Mary Elizabeth Hallock Greenewalt papers

Collection 0867

( Bulk, 1879-1950 ) 1769-1950, undated
(18.2 Linear feet ; 39 boxes, 29 volumes, 23 flat files)

Summary Information

The Historical Society of Pennsylvania
Greenewalt, Mary Elizabeth Hallock, 1871-1950.
Mary Elizabeth Hallock Greenewalt papers
Date [bulk]
Bulk, 1879-1950
Date [inclusive]
1769-1950, undated
18.2 Linear feet ; 39 boxes, 29 volumes, 23 flat files
Finding aid prepared by Mary Kirk
Language of Materials
In addition to English, the collection includes occasional materials in Arabic and French.
Mixed materials [Volume]
Mixed materials [Oversize]
Flat Files 1-23
Mixed materials [Box]
Mary Elizabeth Hallock’s arrival in Philadelphia in 1882 at the age of eleven set into motion a forty-year career as a musician, inventor, lecturer, writer and political activist. Born in Beirut, September 8, 1871 to Sara (Tabet) Hallock, descendant of an aristocratic Syrian family, and Samuel Hallock, a U.S. consul, she was educated in Beirut and Philadelphia. A gifted musician, Hallock graduated from Philadelphia’s Musical Academy in 1893, and in 1897 studied piano in Vienna with Theodore Leschetizky. In 1898 in Johnstown, New York, Hallock married Dr. Frank L. Greenewalt, thirty-two years old and a physician-in-chief at Girard College. The Greenewalts had one son, Crawford, born in 1902. Greenewalt, a pianist noted for her interpretation of Chopin, began in the early 1900s to investigate how gradated colored lighting might enhance the emotional expression of music. By 1920 Greenewalt had obtained the first of many patents covering a color organ designed to project a sequence of colored lighting arranged for specific musical programs. In combining light and color as a single performance Greenewalt believed she had created a new, fine art which she named “Nourathar,” or essence of light. Although awarded eleven patents, Greenewalt spent a number of years pursuing patent infringements, finding recourse in the courts in 1932 with a judgment in her favor. Greenewalt’s professional activities also included lecturing on music and serving as a delegate to the National Women’s Party, which was instrumental in winning women’s suffrage. After retiring from the concert and lecture stage, Greenewalt published Nourathar: The Fine Art of Light-Color Playing in 1946. She died on November 26, 1950, in Wilmington, Delaware. This collection offers many examples of Greenewalt’s creative processes. Greenewalt herself arranged a good portion of correspondence which details the development and manufacture of her color console and the legal battles surrounding her patents. A photo album also documents Greenewalt’s creation of her light color console. In addition, Greenewalt left an autobiography (in draft form), a family history, copies of patents, correspondence specific to patent filings, miscellaneous personal correspondence, blue prints and drawings, copies of concert programs, news clippings, lecture and radio broadcasts manuscripts, scrapbooks, two small volumes in Arabic, and numerous brochures and pamphlets pertaining to electrical lamps and theatre lighting. Artifacts include Greenewalt’s recording of Chopin made in 1920, a gold medal awarded in 1926, copper printing plates, and experimental, painted materials.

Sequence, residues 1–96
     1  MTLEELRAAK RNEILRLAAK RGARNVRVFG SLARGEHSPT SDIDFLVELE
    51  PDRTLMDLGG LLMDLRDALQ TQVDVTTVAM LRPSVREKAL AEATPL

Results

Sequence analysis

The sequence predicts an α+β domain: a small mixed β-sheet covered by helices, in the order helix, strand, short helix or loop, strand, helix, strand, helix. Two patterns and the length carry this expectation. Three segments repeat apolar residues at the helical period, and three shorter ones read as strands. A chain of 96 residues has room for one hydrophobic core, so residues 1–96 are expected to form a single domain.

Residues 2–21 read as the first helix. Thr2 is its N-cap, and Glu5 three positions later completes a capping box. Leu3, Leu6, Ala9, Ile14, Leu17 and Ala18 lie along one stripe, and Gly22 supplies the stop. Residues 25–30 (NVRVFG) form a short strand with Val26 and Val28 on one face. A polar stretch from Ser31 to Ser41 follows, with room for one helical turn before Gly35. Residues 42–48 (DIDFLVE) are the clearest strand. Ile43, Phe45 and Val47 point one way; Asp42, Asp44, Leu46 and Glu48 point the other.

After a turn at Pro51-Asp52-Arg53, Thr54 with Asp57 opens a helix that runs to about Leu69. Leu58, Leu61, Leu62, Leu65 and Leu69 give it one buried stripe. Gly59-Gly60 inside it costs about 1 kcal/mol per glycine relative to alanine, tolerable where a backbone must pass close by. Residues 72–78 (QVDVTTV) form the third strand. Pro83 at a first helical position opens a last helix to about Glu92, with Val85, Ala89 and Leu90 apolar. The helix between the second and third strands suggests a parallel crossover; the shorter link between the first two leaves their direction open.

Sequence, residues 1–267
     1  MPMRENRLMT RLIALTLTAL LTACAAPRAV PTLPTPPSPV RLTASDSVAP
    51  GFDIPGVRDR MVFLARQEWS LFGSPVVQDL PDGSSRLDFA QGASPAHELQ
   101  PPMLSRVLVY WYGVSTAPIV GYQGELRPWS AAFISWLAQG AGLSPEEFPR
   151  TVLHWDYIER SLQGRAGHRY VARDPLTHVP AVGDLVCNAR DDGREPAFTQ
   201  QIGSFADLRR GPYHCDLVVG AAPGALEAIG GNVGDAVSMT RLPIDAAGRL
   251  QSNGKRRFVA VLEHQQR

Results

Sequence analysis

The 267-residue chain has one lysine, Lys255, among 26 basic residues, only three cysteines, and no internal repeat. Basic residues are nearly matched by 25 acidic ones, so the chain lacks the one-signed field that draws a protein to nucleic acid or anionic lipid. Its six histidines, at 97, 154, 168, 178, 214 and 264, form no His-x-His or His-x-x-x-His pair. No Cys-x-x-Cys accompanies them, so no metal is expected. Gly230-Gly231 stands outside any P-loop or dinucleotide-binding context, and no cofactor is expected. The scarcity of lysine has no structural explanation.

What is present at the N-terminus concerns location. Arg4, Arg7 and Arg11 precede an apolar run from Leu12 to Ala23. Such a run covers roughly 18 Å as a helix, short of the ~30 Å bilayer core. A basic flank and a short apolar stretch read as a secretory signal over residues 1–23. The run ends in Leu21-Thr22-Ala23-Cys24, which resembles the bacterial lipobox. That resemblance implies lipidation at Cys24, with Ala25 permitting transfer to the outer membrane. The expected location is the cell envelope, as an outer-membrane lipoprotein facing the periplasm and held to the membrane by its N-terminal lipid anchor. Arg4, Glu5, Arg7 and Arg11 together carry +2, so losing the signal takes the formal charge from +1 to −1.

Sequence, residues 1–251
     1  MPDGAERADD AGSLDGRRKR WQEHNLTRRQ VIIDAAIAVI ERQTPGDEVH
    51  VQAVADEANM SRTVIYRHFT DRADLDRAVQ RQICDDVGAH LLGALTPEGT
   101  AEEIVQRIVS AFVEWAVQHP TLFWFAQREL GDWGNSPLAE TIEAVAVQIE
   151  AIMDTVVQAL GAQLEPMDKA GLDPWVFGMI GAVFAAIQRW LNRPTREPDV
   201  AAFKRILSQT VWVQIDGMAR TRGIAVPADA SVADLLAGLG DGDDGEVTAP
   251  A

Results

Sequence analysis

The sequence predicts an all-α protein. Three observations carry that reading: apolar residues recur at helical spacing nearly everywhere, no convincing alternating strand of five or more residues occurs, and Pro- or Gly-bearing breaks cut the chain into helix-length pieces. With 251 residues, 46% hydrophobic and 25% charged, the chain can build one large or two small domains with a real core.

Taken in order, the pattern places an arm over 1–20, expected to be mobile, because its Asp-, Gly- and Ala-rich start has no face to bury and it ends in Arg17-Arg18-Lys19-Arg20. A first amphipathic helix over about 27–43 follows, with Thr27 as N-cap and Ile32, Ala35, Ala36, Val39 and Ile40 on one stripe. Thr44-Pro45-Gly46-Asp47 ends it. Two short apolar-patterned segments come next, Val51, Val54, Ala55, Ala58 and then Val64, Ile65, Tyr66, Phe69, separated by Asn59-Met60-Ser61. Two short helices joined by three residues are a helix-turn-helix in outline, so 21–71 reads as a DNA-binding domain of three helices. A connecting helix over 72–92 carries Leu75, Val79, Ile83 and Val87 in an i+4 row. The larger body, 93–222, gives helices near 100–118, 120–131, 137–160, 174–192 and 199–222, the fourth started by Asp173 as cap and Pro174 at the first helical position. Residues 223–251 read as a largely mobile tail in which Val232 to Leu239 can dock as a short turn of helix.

Preferred Citation

Cite as: Mary Elizabeth Hallock Greenwalt Papers (Collection 867), The Historical Society of Pennsylvania.

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Background note

In 1867 Samuel Hallock arrived in Syria as the U.S. consul for the Palestine Syrian region. Hallock, recently awarded a United States patent for improving electrotype, had also contracted with the American Bible Society to establish a printing press in Asia Minor. A thirty-three year old widower from New England at the time of his arrival in Syria, Hallock met Sara Tabet, the fifteen-year-old daughter of Namie and Miriam Tabet, a well-to-do family in the Levantine. They were married on October 18, 1870. Mary Elizabeth, born September 8, 1871, was followed by four more children, Arthur Tabet (1872), George Bliss (1874), Ethel Fleet (1876), and Edgar Byington (1877). After the birth of her fifth child in 1877, Sara Hallock, exhibiting signs of mental illness, was sent abroad for treatment, first to England and then to the United States, where she died in Northampton, Massachusetts in 1883 at the age of twenty-eight. Hallock, to provide for his children’s upbringing and education, consigned them to the care of his relatives and friends in the United States. Greenewalt, and later her sister Ethel, were settled in the Philadelphia area while their brothers lived with relatives in New England. Ethel later married William DuPont; the DuPont family provided introductions and occasionally financial support during Greenewalt’s career as an artist and inventor. In addition, Greenewalt’s son, Crawford, married Margaretta Lammot DuPont and also served as president of the DuPont Company from 1948 to 1962.